Developmental programming for allergy: a secondary analysis of the Mothers, Omega-3, and Mental Health Study

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Abstract

Objective

Fetal dysregulation of T helper cell pathways may predispose to allergy, as high cord blood T helper 2/T helper 1 ratios have been shown to precede development of allergic diseases. We aimed to determine whether prenatal eicosapentaenoic acid and docosahexaenoic acid supplementation reduces T helper 2 to T helper 1-associated chemokine ratios. We also explored the effect of mode of delivery on T helper 2/T helper 1 ratios.

Study Design

We conducted a secondary analysis of a randomized placebo controlled trial initially performed to assess the effects of docosahexaenoic acid or eicosapentaenoic acid supplementation on pregnancy-related depressive symptoms among 126 participants. Cord plasma specimens from 98 newborns were assayed for chemokines associated with T helper 2 (thymus and activation-regulated chemokine [CCL17], macrophage-derived chemokine [CCL22], eotaxin [CCL 11]) and T helper 1 (interferon-inducible protein-10 [CXCL 10]) by enzyme-linked immunosorbent assay and Multiplex immunoassays. Ratios of log-transformed chemokines macrophage-derived chemokine/interferon-inducible protein-10 and thymus and activation-regulated chemokine/interferon-inducible protein-10 were compared between groups by analyses of variance. Multiple linear regression was performed to examine associations between treatments and chemokine ratios, adjusting for covariates.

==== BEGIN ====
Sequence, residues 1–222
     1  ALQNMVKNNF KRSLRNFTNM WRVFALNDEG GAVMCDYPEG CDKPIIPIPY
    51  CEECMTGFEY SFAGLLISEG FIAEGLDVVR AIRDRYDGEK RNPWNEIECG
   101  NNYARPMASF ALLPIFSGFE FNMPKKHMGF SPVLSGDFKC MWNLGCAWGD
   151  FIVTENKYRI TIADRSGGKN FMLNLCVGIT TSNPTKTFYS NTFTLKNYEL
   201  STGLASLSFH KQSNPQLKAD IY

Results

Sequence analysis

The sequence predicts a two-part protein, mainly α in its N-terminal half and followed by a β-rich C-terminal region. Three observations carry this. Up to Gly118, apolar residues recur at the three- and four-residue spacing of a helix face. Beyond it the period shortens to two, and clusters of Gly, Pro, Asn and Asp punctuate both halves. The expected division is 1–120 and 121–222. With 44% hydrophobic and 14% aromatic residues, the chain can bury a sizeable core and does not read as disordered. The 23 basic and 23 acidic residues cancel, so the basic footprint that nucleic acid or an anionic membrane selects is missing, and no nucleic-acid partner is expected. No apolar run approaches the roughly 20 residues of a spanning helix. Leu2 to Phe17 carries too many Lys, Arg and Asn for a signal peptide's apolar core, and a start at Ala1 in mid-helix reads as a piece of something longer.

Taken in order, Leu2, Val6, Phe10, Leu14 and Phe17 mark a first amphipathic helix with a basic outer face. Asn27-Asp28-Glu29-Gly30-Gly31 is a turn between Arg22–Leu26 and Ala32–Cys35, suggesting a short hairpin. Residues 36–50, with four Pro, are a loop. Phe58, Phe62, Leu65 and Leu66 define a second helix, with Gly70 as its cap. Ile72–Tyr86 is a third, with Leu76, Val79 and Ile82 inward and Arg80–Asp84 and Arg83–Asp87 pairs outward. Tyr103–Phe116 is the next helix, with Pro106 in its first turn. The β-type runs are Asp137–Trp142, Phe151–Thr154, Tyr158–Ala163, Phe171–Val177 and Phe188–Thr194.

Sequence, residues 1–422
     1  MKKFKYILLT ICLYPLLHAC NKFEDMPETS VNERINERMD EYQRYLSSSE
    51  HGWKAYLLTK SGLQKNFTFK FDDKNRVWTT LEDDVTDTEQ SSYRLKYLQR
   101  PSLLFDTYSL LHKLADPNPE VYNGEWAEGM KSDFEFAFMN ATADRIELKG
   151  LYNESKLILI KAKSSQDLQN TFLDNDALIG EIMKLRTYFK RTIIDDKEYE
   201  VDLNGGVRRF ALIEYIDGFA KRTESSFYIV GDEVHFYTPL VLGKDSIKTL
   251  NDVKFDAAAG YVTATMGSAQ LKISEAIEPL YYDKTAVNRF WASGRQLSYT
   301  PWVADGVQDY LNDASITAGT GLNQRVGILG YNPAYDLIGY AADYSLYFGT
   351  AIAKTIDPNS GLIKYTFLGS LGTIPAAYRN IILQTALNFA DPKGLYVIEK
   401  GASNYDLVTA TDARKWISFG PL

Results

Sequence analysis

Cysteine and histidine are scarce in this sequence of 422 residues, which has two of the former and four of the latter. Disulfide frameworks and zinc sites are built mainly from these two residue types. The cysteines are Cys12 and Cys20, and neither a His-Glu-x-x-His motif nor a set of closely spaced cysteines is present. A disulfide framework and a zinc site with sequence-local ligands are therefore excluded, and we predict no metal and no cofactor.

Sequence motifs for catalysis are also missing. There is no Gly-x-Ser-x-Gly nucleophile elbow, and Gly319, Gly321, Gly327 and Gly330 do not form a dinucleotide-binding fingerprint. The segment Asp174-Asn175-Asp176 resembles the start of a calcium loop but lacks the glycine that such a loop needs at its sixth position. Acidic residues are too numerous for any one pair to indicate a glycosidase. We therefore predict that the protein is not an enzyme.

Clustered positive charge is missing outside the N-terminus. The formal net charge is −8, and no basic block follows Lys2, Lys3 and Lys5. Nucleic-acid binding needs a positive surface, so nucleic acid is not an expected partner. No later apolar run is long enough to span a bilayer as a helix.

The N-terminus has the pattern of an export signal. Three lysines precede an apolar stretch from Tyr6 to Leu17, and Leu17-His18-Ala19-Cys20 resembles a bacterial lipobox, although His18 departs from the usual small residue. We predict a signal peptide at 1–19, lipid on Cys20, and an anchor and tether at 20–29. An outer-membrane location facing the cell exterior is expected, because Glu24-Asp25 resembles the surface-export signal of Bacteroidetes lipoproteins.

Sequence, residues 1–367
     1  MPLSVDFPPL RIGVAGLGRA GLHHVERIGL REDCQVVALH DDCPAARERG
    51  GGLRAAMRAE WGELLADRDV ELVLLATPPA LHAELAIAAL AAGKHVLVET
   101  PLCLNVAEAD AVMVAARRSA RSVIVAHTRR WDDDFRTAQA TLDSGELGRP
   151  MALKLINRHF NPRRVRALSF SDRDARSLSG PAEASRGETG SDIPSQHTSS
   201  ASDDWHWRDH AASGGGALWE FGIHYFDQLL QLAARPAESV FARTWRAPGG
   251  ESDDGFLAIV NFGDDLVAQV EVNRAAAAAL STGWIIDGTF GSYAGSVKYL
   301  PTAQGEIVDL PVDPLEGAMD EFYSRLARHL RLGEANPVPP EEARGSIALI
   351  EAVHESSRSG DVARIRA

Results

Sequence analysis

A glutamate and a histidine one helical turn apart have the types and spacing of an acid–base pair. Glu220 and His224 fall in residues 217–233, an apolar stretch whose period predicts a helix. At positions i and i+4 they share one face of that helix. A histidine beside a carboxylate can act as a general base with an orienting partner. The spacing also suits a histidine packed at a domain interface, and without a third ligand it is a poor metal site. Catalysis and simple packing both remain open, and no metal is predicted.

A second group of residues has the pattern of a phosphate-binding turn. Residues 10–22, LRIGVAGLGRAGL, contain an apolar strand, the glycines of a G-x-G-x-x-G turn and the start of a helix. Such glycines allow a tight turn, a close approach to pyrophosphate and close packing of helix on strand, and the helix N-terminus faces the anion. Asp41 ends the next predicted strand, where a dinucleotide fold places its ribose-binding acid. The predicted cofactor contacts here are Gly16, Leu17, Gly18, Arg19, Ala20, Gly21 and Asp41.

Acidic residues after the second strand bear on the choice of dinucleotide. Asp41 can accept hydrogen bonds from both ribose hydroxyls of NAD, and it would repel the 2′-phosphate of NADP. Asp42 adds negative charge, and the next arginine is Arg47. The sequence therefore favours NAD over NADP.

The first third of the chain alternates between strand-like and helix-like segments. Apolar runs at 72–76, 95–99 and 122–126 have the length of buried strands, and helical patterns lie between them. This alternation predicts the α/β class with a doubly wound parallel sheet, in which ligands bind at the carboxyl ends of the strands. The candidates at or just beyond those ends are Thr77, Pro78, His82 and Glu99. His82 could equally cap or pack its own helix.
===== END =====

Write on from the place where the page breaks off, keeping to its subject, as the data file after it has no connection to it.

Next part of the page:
Results

After adjusting for gestational age at delivery, birthweight, and mode of delivery, both omega-3 supplementation groups were associated with lower macrophage-derived chemokine/interferon-inducible protein-10 ratios than placebo (eicosapentaenoic acid: coefficient −1.8; 95% confidence interval [CI], −3.6 to −0.05; P = .04; docosahexaenoic acid: −2.0; 95% CI, −3.9 to −0.07; P = .04). Similar associations were found for thymus and activation-regulated chemokine/interferon-inducible protein-10 (eicosapentaenoic acid: −1.5; 95% CI, −3.0 to 0.06; P = .06; docosahexaenoic acid −2.2; 95% CI, −3.8 to −0.52; P = .01). Cesarean delivery was associated with higher macrophage-derived chemokine/interferon-inducible protein-10 (1.6; 95% CI, 0.01−3.3; P = .049) and thymus and activation-regulated chemokine/interferon-inducible protein-10 (1.5; 95% CI, 0.1−2.9; P = .042) ratios than vaginal delivery.

Conclusion

Prenatal supplementation with eicosapentaenoic acid and docosahexaenoic acid resulted in decreased cord blood T helper 2/T helper 1 chemokine ratios. Cesarean delivery was associated with a pronounced T helper 2 deviation at birth.

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